Why the expansion to boys?

Including boys in Ontario's publicly-funded HPV immunization program will help protect them from HPV infection and related cancers, and is recommended expert groups such as the National Advisory Committee on Immunization.

How is the HPV vaccination program administered in schools?

Public health units plan and organize school-based immunization clinics throughout the school year. The public health unit works with the school to ensure it does not conflict or disrupt other important activities such as exams and school trips. Clinics can be scheduled in the morning or afternoon, during regular school hours.

Schools will distribute consent forms provided by the local public health unit. These consent forms also include information about the vaccine that will be administered by the Public Health Unit.

Clinics are usually held within an area of a school that is safe and appropriate, such as the school gymnasium.

Is the vaccine available at the doctor's office?

The HPV vaccine is administered primarily in schools by Public Health Unit nurses. There may be situations where other health care providers (e.g., physicians, nurse practitioners) may administer the publicly-funded HPV vaccine after obtaining it from the public health unit. Speak to your local public health unit for more information.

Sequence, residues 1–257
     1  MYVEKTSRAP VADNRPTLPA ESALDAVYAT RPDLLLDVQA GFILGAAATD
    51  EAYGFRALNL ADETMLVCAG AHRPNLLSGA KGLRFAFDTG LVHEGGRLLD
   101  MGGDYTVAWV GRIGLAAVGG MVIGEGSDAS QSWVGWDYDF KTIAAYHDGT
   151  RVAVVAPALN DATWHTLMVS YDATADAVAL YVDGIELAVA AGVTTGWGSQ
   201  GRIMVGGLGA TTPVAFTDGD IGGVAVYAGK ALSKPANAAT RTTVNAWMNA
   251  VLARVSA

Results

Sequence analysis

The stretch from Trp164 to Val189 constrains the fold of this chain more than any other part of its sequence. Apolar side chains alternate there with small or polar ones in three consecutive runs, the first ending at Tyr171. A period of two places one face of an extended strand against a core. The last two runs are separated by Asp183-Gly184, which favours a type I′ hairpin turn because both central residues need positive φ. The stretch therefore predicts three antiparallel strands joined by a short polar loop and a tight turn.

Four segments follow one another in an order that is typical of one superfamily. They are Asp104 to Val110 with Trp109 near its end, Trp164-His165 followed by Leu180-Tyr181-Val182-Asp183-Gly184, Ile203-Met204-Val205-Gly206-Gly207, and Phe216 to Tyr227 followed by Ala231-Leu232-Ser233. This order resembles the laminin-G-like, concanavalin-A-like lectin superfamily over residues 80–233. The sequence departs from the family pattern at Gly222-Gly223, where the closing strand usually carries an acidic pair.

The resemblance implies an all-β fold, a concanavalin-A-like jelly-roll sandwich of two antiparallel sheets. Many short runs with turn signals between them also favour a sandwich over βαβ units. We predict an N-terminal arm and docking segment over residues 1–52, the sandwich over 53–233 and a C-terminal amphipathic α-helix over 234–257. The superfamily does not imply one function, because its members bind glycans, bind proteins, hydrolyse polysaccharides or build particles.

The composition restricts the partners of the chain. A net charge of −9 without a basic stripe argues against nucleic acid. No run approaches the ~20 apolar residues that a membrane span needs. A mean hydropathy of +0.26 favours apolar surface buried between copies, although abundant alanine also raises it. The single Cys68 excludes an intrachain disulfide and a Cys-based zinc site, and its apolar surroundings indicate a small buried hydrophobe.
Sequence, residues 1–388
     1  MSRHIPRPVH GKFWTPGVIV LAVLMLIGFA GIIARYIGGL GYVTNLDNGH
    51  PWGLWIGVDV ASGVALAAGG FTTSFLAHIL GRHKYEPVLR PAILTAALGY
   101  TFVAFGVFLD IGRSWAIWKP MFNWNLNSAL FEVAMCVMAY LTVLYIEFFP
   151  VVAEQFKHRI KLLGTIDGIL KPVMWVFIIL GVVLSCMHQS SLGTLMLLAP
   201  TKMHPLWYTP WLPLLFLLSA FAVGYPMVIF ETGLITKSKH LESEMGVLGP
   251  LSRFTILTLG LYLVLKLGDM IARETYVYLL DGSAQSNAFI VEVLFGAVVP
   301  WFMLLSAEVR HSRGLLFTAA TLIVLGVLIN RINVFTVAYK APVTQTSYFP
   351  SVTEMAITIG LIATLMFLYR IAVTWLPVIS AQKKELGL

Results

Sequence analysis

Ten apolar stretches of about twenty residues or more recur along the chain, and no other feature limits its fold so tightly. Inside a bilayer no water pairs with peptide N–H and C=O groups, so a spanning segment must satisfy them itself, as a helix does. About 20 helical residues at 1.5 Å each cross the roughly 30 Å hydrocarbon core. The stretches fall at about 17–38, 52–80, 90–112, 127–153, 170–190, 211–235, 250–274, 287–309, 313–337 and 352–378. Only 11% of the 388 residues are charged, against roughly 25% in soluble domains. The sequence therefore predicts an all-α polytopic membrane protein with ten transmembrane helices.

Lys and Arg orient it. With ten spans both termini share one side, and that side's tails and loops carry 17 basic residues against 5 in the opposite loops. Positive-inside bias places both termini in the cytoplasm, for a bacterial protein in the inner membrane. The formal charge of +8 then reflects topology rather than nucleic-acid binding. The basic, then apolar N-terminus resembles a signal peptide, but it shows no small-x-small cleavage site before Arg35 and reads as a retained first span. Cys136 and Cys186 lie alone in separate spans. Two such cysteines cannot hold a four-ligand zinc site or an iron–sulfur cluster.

What if a Grade 7 student misses one of the doses of HPV vaccine?

Catch-up immunizations can be arranged by contacting your local public health. Boys or girls in Grade 7 who are unable to begin or complete the HPV vaccine series in the 2016-2017 school year are eligible to catch-up on missed doses through their local public health unit, free of charge, until they finish Grade 12. You need all the recommended doses to get full protection. Contact your local Public Health Unit to find out more.

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For More Information